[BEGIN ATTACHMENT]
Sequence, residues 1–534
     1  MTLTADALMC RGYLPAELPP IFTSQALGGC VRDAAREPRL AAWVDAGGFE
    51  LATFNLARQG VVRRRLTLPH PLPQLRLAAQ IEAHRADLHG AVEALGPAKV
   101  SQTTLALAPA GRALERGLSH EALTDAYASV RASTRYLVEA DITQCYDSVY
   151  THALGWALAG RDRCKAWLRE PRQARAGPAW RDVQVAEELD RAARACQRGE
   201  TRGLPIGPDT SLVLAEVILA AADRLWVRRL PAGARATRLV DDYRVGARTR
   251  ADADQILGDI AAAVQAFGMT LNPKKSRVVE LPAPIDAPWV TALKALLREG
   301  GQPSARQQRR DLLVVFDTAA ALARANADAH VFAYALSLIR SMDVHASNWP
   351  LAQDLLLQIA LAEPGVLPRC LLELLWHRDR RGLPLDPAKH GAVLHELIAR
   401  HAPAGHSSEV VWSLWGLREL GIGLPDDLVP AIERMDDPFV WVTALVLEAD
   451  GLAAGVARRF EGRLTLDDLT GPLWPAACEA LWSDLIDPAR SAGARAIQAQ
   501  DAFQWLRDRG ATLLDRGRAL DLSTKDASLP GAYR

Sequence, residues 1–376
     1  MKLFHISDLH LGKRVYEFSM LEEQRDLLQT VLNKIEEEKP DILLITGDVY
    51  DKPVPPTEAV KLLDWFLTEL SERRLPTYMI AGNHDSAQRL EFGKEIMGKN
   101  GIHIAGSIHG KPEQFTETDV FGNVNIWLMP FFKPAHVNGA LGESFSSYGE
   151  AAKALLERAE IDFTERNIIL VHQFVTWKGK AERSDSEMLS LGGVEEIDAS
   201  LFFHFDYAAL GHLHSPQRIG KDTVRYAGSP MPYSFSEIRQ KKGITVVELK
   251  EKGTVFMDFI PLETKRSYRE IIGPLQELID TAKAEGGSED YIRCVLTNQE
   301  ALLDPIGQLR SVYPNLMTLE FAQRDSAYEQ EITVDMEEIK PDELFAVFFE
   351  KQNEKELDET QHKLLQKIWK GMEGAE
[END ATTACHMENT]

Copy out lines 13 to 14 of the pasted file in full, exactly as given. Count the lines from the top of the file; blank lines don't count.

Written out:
Sequence, residues 1–376
     1  MKLFHISDLH LGKRVYEFSM LEEQRDLLQT VLNKIEEEKP DILLITGDVY